One line review: The first four Star Trek movies are a fantastic representation of Star Trek, combining the exploration, the action, and the cheesiness of the series.

Movie Title: Star Trek: The Motion Picture, Star Trek: The Wrath of Khan, Star Trek III: The Search for Spock, Star Trek IV: The Voyage Home

Actors: William Shatner, Leonard Nimoy, DeForest Kelley, James Doohan, George Takei, Majel Barrett, Walter Koenig, Nichelle Nichols, Persis Khambatta, Stephen Collins, Grace Lee Whitney, Bibi Besch, Merritt Butrick, Jeff McBride, Paul Winfield, Kirstie Alley, Ricardo Montalban, Phil Morris, Scott McGinnis, Robin Curtis, Robert Hooks, Jane Wyatt, Catherine Hicks, Mark Lenard

Director: Robert Wise, Nicholas Meyer, Leonard Nimoy, Gene Roddenberry

Year: 1979 / 1982 / 1984 / 1986

Genre: Action / SciFi

Method of Viewing: DVD

Location of Viewing: Home

Viewing with: No One

Rotten Tomatoes:

Star Wars: 50% – More of an event than a movie…more flash than content.
Star Trek: The Wrath of Khan: 90% – Considered by many fans to be the best of the Star Trek movies, Khan features a strong plot, increased tension, and a sharp supporting performance from Ricardo Montalban.
Star Trek III: The Search for Spock: 76% – TThough it may be short on dazzling special effects, The Search for Spock is still a strong Star Trek installment, thanks to affecting performances by its iconic cast.
Star Trek IV: The Voyage Home: 84% – Star Trek IV: The Voyage Home is perhaps the lightest and most purely enjoyable entry of the long-running series, emphasizing the eccentricities of the Enterprise‘s crew.

My rating: ***

My assessment (the first 101 words at least):
I decided to stop at the first four Star Trek movie, partially because the Angry Video Game Nerd reflected on Star Trek II, III, and IV as the closest thing that the Star Trek series has to a trilogy. It certainly does a fantastic job of representing the Star Trek series. The first movie capturing exploration, the second and third representing more of the action side, and the fourth representing the cheesy and silly plots. I believe Wrath of Khan is my favorite of the movies, mostly because the entire film seems better written, better acted, and an absolutely fantastic film.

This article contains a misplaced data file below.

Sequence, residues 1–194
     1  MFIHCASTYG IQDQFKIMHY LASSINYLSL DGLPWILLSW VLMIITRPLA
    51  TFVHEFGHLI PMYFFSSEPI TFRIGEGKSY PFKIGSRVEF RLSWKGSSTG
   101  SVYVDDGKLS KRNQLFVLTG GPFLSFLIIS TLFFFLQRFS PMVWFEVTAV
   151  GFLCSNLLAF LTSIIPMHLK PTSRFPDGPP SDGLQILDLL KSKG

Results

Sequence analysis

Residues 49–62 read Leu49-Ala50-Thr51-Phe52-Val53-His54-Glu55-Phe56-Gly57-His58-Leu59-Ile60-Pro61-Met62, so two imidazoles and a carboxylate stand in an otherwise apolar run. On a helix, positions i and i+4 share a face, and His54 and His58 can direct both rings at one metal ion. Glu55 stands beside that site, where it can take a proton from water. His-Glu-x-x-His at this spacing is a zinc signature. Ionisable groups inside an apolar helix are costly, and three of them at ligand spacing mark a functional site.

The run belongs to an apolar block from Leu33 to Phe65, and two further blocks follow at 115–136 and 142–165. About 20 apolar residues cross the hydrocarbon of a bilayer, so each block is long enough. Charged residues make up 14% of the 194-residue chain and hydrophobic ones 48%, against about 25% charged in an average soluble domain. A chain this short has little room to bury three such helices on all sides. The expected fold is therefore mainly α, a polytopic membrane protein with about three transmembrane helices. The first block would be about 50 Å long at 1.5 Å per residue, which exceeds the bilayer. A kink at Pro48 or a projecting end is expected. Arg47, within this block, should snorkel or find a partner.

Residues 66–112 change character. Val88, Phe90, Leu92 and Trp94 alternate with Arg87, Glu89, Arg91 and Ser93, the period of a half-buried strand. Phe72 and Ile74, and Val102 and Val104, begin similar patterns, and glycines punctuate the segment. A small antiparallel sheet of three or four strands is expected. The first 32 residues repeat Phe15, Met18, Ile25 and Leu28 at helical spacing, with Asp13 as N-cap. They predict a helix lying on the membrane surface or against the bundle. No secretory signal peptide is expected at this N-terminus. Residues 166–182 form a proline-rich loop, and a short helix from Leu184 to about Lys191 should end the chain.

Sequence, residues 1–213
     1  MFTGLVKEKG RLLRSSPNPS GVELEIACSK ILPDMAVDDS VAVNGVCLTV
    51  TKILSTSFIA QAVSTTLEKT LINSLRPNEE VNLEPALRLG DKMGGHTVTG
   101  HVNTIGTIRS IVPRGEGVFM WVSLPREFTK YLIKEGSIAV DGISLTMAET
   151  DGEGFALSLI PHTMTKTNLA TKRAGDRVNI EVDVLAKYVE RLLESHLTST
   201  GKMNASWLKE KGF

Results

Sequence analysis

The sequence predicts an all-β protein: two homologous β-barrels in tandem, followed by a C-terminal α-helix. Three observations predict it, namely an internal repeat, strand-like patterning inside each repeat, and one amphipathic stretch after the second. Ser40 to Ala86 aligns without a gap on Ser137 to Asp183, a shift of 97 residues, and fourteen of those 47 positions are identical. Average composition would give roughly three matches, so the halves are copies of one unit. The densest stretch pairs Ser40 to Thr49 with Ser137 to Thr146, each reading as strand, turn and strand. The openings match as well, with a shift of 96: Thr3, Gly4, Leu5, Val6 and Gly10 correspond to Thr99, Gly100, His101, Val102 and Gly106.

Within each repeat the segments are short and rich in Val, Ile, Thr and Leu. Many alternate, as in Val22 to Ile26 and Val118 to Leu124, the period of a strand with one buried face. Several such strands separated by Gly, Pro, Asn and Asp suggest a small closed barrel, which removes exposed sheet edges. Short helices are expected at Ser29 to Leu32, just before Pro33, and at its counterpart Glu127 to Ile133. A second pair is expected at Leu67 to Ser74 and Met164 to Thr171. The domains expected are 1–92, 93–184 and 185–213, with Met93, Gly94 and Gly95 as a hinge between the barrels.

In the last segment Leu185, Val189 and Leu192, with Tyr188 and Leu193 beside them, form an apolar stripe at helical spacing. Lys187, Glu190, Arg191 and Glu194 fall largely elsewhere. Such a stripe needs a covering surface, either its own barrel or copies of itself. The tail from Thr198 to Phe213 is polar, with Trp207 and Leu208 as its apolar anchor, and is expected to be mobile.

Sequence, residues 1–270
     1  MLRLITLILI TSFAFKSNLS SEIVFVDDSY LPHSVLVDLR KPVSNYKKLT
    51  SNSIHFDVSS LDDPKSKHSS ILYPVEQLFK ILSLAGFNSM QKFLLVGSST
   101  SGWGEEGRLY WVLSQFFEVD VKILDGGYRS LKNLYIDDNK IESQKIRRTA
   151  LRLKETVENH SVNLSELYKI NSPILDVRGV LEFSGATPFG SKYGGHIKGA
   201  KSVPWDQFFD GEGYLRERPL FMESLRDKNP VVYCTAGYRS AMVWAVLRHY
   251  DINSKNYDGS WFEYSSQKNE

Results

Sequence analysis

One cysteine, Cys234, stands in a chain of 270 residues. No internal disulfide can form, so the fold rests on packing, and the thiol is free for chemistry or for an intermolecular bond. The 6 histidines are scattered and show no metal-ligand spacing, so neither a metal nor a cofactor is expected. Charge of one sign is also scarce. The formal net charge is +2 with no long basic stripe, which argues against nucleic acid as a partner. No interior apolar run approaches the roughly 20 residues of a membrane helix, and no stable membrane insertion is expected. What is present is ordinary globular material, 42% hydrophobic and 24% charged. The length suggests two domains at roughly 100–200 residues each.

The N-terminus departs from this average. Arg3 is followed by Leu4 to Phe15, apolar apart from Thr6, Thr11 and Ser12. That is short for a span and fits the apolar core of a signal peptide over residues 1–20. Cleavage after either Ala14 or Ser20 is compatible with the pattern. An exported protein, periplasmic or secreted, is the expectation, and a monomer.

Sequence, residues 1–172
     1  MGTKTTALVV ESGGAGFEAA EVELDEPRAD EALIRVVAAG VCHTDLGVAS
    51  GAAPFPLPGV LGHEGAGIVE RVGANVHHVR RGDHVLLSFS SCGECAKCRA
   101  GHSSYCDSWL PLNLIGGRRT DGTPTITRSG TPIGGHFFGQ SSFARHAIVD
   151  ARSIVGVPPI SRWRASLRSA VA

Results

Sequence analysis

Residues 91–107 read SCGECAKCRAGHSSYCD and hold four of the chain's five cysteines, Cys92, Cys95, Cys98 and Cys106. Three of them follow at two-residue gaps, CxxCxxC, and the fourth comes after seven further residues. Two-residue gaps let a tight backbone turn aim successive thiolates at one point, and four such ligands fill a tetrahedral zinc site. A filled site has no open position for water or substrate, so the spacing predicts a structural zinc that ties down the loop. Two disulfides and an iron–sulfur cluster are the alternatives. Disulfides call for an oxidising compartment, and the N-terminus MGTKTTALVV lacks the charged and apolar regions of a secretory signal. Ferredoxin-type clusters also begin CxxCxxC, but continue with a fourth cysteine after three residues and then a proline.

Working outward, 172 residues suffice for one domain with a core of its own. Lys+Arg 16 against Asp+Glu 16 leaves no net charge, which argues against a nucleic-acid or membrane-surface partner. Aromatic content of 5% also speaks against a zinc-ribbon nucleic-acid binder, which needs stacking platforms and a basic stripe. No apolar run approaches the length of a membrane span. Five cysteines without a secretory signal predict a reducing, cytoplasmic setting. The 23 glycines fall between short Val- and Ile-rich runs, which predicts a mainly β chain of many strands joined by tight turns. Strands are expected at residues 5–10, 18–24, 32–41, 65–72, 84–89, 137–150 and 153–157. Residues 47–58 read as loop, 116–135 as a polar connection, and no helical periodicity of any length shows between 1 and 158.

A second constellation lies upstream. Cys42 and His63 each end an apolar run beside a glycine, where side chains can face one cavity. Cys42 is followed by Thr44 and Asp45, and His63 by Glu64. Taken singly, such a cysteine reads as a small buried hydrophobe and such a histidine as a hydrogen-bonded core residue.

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Tron

December 25, 2009

One line review: What once was a technological marvel has little to offer to the modern viewer.

Movie Title: Tron

Actors: Jeff Bridges, Bruce Boxleitner, David Warner, Cindy Morgan, Barnard Hughes, Dan Shor, Peter Jurasik, Tony Stephano

Director: Steven Lisberger

Year: 1982

Genre: Action / Adventure

Method of Viewing: DVD

Location of Viewing: Home

Viewing with: No One

Rotten Tomatoes: 68% – Although Tron’s state-of-the-art, computer-generated visuals look primitive by current standards, it’s intelligently conceived (on a visual level, at any rate) and largely good fun.

My rating: **

My assessment (the first 101 words at least): This is definitely a movie that has not stood the test of time. It feels as though it’s completely reliant on visuals to entertain the viewers when the plot isn’t moving forward. Even when you simply focus on the plot, it’s a very simplistic one that doesn’t seem to live up to the hype that has surrounded it. To top that off, being a programmer does not help me appreciate the world that surrounds this film. While I was able to understand the cult following the Star Wars film had, I simply can’t understand why this film was considered a classic.